A lumbar laminectomy may be performed as a minimally invasive procedure or as open surgery. Traditional (open) back surgery requires a two-centimeter incision. If the procedure involves multiple levels of laminectomy and spine fusion, it may require a longer incision. A microscopic laminectomy, in contrast, is only a small 3 cm incision site, which allows for rapid recovery.

The Lumbar Laminectomy Procedure

A patient typically must avoid eating or drinking on the day of the surgery. Lumbar laminectomy is performed under general anesthesia, which allows the patient to sleep throughout the procedure.

To perform the laminectomy, a spine surgeon or neurosurgeon will make a small incision in the patient’s lower back, separate the muscle tissue to access the vertebrae, and then remove a portion of the lamina. A laminectomy usually takes about one hour, but a patient may be in surgery longer if the procedure is performed along with a discectomy or other type of spinal decompression surgery.

Complications and Risks

All surgeries carry some degree of risk, including excessive bleeding or infection at the incision site or adverse reaction to anesthesia. Most patients experience notable symptom relief immediately after surgery.

Post-Operative Care and Recovery

After a one-level lumbar laminectomy, most patients will go home the same day. They may need minimal medication to relieve any pain or discomfort at the surgical incision site.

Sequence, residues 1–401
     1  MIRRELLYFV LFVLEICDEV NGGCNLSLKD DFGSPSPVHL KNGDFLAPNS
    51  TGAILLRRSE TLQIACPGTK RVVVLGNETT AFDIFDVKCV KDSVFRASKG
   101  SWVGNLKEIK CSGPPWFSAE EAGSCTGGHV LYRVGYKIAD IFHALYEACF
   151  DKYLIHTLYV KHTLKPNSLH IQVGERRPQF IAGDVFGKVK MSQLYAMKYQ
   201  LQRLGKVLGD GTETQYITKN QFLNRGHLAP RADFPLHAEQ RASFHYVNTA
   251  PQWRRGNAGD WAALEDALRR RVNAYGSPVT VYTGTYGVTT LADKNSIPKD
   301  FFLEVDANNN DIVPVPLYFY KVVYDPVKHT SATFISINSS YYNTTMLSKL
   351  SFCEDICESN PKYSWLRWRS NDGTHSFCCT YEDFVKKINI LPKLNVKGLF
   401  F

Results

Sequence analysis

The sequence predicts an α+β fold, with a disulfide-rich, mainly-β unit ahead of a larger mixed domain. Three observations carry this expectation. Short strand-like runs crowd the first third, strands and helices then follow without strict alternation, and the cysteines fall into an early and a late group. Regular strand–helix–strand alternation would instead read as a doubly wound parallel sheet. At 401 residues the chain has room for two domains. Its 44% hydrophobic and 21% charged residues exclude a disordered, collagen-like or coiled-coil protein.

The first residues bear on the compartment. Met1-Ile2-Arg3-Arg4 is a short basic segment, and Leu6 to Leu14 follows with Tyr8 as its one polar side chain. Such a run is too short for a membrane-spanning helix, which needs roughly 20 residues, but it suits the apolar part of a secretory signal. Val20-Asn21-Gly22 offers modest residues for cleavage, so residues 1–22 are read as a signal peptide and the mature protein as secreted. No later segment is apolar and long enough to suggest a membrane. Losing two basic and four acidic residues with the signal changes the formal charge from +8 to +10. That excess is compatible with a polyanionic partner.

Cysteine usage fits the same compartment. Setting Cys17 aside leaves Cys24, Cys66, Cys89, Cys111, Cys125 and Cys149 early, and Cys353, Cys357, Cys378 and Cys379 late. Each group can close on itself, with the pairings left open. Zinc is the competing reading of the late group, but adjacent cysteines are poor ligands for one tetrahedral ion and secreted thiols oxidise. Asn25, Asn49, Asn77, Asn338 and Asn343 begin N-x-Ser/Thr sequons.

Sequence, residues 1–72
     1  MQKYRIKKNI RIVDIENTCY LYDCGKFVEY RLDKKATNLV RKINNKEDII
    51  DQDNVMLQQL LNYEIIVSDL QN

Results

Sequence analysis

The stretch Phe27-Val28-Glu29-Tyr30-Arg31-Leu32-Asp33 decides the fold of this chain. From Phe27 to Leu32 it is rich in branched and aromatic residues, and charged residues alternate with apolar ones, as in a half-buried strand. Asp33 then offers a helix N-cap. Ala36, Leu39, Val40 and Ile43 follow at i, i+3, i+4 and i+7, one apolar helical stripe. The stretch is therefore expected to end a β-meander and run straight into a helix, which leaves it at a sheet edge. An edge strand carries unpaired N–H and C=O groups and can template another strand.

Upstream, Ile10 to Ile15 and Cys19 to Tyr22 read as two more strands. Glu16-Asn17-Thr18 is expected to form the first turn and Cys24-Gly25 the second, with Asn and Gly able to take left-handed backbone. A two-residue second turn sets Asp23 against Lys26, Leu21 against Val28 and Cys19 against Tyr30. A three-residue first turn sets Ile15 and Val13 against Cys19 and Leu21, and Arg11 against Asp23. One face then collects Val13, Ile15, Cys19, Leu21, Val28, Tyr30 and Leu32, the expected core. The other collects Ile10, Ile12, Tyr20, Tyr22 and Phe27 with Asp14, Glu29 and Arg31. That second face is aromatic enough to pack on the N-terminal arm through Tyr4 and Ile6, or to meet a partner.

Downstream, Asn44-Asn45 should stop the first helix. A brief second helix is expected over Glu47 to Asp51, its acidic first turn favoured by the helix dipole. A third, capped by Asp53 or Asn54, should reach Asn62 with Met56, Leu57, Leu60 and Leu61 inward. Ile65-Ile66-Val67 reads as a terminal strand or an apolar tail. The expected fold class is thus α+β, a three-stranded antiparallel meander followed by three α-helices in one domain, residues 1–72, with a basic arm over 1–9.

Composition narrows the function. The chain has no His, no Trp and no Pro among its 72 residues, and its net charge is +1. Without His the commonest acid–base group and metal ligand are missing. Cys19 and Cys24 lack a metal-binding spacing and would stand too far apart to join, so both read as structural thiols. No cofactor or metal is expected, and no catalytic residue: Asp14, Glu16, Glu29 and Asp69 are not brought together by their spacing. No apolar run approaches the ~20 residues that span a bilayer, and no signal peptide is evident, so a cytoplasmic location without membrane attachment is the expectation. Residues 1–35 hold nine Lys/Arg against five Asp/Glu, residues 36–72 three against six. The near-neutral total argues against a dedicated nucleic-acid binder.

Most patients can return to work within a week, depending on the nature of their jobs. The surgical team will offer guidance on activity and weight restrictions during recovery. For most patients, rehabilitation after spine surgery will include physical therapy to reduce swelling, improve flexibility, and strengthen the muscles and ligaments in the back.

Rehabilitation and Physical Therapy

A one-level (sometimes even two-level) laminectomy will have a mild recovery course. By following the neurosurgeon’s, orthopedic spine surgeon’s, physiatrist’s, and physical therapist’s post-surgical treatment plan, patients can resume their regular activities more quickly and with less pain. This allows them to achieve a full recovery.

Physical therapy will help restore balance, strength, and mobility. During appointments, physical therapists may massage or manipulate muscles into relaxation. They will also teach the patient exercises and stretches to continue doing at home. This helps to re-train muscles and gives patients the knowledge to forgo physical therapy appointments altogether.

Preventive Measures for a Strong and Healthy Spine

While it may not be possible to prevent pinched nerves, spinal cord impingement, or spinal cord compression, preventive measures can help decrease a patient’s risk. These include getting regular exercise and maintaining a healthy weight. Patients should also regularly practice proper ergonomic techniques to support good posture. In addition, they should consider changing their furniture at work and home to reduce problematic pressure points on the neck and lower back.

Success Rates and Patient Outcomes

Over 95% of patients at CNSO experience a long-term complete resolution of their symptoms after treatment. Each patient is unique, so a complete cure depends on several factors. These include the severity of their condition, the duration of time in pain before the operation, the patient’s overall health/lifestyle, and whether they smoke.

Comparison With Other Spinal Surgeries